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It’s every expectant mum’s nightmare - giving birth at the side of the road in snow and sub-zero temperatures with the baby being delivered by a worried dad, but this is exactly what happened yesterday to Daniella Waring and her husband Andrew, when they were caught out in Storm Emma.
The couple from Catterick, North Yorkshire, were hoping for a smooth delivery for their third child when they set out for the maternity ward, but events took a different turn. Mr Waring, who had seen the delivery of his two other children, was forced to put his experience into practice by rolling up his sleeves and delivering the baby himself.
Thankfully, there weren’t any complications and Sienna Louisa Dottie Waring was born into the world, weighing a healthy 10lbs 1oz.
Mother and daughter are reported to be doing well.
Mr Waring recalled the experience: “The weather was very bad and I struggled to find somewhere to pull over and barely had time to ring 999 when the baby started coming. Having been present at the birth of our two other children I just copied what I had seen then. I opened the passenger door and knelt in the snow to deliver the baby.”
Shortly after the birth, the exhausted couple were met with Great North Air Ambulance crew (GNAAS), which included Lee Salmon and Philip O’Donnell. They were joined by paramedic mentor Dave Reynolds and student paramedics Claire Roberts and Iain Stewart. Mr Connell said, "The conditions were challenging to say the least and we initially had difficulty finding the family. But after driving up and down the road a couple of times we were able to locate them and inform the ambulance service as to their whereabouts.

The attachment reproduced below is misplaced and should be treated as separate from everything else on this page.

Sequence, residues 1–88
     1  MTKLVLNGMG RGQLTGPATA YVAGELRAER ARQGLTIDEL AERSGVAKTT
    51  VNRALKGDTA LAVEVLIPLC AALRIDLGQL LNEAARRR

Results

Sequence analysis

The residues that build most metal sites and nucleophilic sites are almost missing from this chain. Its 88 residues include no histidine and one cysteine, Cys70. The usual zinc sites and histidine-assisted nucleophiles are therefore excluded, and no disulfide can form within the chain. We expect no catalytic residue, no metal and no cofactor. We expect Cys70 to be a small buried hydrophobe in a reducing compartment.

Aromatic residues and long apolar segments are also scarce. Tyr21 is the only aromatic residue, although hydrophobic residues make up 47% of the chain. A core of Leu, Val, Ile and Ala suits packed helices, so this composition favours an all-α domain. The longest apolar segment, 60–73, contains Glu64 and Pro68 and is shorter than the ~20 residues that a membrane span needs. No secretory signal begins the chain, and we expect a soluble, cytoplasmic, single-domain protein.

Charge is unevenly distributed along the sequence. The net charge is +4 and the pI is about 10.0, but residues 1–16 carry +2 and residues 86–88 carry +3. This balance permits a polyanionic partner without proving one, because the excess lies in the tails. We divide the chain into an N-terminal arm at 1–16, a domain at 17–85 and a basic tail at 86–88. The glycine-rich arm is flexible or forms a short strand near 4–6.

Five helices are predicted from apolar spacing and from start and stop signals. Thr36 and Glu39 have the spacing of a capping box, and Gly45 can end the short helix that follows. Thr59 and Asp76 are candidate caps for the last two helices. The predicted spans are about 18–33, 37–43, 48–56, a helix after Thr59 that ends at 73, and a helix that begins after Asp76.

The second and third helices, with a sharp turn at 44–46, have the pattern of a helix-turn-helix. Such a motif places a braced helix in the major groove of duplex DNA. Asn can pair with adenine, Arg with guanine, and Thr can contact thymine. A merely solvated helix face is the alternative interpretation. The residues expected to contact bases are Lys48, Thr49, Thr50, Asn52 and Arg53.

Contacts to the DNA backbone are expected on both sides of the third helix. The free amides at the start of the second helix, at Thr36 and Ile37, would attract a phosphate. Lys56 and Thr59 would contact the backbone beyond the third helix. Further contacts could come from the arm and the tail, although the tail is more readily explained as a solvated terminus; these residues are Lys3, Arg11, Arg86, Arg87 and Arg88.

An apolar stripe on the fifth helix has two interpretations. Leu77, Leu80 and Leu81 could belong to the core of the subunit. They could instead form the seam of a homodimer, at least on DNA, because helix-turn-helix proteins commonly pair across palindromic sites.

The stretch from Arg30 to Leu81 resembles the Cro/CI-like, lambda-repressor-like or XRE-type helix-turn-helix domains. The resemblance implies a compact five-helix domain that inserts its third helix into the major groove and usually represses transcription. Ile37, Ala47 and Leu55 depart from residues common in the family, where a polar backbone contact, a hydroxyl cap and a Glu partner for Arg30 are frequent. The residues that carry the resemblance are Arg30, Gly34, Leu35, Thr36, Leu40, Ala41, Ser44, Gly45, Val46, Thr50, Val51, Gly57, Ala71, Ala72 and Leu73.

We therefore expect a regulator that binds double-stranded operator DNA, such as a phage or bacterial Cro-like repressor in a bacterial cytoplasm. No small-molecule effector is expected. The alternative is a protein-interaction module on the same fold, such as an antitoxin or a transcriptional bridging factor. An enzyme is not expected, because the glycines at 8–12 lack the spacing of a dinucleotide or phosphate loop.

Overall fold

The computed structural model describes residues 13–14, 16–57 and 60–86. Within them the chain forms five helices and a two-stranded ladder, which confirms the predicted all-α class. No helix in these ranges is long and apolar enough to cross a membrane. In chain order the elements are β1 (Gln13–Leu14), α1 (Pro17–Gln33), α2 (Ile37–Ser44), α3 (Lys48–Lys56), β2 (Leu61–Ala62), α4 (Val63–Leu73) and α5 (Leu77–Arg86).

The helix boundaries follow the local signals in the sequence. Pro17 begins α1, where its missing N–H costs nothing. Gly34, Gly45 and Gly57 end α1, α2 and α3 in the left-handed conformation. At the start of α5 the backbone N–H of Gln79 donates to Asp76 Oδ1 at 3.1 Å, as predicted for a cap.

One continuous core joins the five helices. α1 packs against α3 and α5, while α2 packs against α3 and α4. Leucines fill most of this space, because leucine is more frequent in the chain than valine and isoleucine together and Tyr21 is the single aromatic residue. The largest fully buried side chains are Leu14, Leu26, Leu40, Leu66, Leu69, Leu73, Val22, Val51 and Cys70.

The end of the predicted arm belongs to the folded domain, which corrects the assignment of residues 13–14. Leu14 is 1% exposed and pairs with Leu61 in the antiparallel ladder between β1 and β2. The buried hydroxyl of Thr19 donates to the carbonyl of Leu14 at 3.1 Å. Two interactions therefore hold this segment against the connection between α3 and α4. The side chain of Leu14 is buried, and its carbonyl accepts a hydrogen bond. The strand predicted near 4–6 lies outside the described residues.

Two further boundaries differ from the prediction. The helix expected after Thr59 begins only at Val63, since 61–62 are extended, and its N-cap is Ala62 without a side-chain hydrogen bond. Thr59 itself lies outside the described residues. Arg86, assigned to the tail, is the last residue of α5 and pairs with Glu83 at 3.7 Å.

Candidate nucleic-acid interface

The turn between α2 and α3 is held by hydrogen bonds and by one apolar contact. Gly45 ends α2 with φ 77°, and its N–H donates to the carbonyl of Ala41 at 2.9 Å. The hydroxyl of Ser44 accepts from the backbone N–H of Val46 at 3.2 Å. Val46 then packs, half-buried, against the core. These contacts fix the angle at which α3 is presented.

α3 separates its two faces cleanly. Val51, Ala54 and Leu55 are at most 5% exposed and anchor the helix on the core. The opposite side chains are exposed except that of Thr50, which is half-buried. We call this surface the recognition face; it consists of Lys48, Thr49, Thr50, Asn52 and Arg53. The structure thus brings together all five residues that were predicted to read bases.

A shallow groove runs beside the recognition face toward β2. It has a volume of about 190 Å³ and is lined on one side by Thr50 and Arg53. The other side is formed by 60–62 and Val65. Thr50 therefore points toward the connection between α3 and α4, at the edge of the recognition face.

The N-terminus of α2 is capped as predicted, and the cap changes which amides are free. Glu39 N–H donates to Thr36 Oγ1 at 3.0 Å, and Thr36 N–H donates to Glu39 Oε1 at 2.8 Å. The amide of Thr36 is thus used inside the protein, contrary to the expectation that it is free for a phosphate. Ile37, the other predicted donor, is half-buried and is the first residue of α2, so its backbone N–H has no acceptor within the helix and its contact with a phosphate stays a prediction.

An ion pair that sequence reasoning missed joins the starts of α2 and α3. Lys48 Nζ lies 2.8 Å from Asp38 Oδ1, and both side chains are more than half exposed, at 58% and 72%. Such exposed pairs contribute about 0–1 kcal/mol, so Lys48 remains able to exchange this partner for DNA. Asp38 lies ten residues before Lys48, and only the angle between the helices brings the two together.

"The baby had arrived shortly before we arrived so the hard work had been done, but we were able to check baby and mum over before the ambulance crew arrived and took her on to hospital. It was a lovely job to be involved in and we'd like to congratulate them on the new arrival."
After mother and baby were checked over, they were taken to Darlington Memorial Hospital maternity unit.
Labour ward sister, Anne Hodgson, said, “Daniella and Sienna had been in freezing temperatures so our priority was making sure they had skin to skin contact to warm Sienna up. She’s being cared for in a special cot which has a mattress filled with warm water so we can regulate her temperature. She has been regularly monitored throughout the day. We have no cause for concern and they’re both doing really well despite their experience.
“It’s not uncommon for babies, particularly when it isn’t a first baby, to come after a short labour, sometimes before the mum reaches us. We carefully assess and monitor all the new born babies in our care.”